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With the advent of cloud computing, data storage and scaling has become extremely cheap when compared to the strictly physical server alternative (which require a dedicated facility and substantial fixed/variable costs). Implicitly, we could view cloud computing as having comparatively big ecological advantages over dedicated servers. From this perspective, companies with server/data center needs will have huge incentives to choose cloud computing.

My question is, is the verdict really this simple? Wouldn't some companies be reluctant to use cloud computing for security / conflict of interest reasons? Instead, might they prefer to be the sole custodians of their data? For example, investment banks, hedge funds, ect?

Are there any other compelling reasons that might hold the server / data center industry away from adopting the cloud?

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    $\begingroup$ Why are you sure that cloud computing has "comparatively big ecological advantages over dedicated servers"? With cloud computing, you still need a server to store your data, it is just not your server. So you pay somebody to buy that server and a "dedicated facility" instead of buying them yourself. Without additional considerations, the opportunity cost of "living without cloud" is zero. IMO, a clear formulation of technological advantages is a key to answering your question. $\endgroup$ – beroal Apr 20 '17 at 17:49
  • $\begingroup$ @beroal I didn't elaborate on that point too much, but I did find a nice graph that shows what I mean from a Forbes article. You can see it here. Basically, it shows how much we could save if we used servers as communal resources and dynamically utilize them moment to moment. $\endgroup$ – Arash Howaida Apr 21 '17 at 6:44
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Institutions like banks for many years now keep back-up archives of their data in physical locations owned and operated by other legal entities. This is a standard case of outsourcing to specialists a requirement of a business process that is not a directly value-added activity. So the "sole custodian of one's own data" has been proven in the market not to be strong enough against cost-reduction considerations (or against price/value optimization if you wish).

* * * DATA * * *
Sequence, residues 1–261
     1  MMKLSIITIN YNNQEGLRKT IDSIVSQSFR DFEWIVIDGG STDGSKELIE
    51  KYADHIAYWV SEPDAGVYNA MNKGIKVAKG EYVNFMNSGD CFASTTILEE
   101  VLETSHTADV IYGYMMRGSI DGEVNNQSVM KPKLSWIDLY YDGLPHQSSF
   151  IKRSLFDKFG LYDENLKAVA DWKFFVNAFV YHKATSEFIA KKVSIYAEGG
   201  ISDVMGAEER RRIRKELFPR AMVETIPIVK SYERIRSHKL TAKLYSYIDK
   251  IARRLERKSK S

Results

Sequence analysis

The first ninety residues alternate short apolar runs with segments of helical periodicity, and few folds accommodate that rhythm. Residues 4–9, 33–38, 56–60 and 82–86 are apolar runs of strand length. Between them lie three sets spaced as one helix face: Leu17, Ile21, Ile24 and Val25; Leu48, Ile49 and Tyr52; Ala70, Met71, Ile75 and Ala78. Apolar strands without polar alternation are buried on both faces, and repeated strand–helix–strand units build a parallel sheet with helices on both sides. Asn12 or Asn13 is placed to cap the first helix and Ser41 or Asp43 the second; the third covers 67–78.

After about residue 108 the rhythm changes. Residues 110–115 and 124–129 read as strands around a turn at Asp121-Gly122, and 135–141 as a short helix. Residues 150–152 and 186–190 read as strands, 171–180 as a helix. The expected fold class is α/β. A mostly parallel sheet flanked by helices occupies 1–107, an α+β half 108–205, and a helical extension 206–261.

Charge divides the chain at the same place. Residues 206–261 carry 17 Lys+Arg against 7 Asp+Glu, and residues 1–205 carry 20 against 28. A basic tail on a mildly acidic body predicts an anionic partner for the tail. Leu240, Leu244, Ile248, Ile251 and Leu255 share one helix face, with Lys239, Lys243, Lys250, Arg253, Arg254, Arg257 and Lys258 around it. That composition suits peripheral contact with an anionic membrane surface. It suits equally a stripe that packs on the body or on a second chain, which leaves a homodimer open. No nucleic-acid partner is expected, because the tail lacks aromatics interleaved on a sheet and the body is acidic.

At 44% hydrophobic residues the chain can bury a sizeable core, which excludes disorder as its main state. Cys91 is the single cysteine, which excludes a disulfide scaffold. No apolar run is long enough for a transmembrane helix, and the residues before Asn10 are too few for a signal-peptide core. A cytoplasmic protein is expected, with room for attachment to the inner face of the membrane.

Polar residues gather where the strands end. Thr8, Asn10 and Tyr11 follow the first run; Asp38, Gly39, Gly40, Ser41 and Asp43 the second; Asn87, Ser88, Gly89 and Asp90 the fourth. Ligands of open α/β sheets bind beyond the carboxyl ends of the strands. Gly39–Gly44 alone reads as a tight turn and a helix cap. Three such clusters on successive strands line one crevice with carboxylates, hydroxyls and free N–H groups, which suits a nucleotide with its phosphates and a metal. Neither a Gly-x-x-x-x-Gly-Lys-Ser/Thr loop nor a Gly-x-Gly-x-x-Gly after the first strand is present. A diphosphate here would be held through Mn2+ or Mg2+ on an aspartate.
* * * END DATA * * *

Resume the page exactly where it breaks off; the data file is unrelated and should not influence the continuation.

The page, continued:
Cloud computing is comparatively still new. The cost incentives to adopt it are indeed very strong. In practice, I believe we will observe, as in the past with other innovations, a certain degree of selectiveness: as the risks and rewards of cloud-computing will become more well understood (and measured), companies may select certain parts of their activities to keep off the-cloud, while enjoying the cost reductions for all the rest.

This by the way, can be squarely put in the framework of the, dear to us economists, marginal optimization - it is not a "yes-or-no" decision but a process where each company will adopt the Cloud up to the degree where marginal benefit equals marginal cost.

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  • $\begingroup$ @AlecosPapadopoulous I take your point that if there were no obligation, to the legal entities, they might not take it upon themselves. I'm still curious what activities a company would keep off the cloud, if you have any thoughtful speculation on that. $\endgroup$ – Arash Howaida Apr 19 '17 at 23:31
  • $\begingroup$ @ArashHowaida In today's digitized word, there still exist "things" that are considered so "sensitive", they can be found only in hard copy, after being typed in a old-fashioned typewriter. Make the analogy between dedicated servers and the cloud. Which "things", depends on the organization: what is the inside information that will incur the biggest costs if it gets public, or stolen, for each entity? For some may be trade secrets, formulas and blueprints. For others a very big and important contract and its provisions. Yet for others, their transactions... it depends $\endgroup$ – Alecos Papadopoulos Apr 20 '17 at 0:44
  • $\begingroup$ Yes, trade secrets and other sensitive information will conceivably stay on site. Another opportunity cost that just occurred to me is the issue of latency. Going back to investment banks, if they have HFT operations, then adopting the cloud will not help them win the race to zero. Perhaps some kind of private cloud could lower cost alternatives in the marginal utility solution space. $\endgroup$ – Arash Howaida Apr 20 '17 at 8:34
  • $\begingroup$ @ArashHowaida Good point. Good marginalist thinking. $\endgroup$ – Alecos Papadopoulos Apr 20 '17 at 8:47

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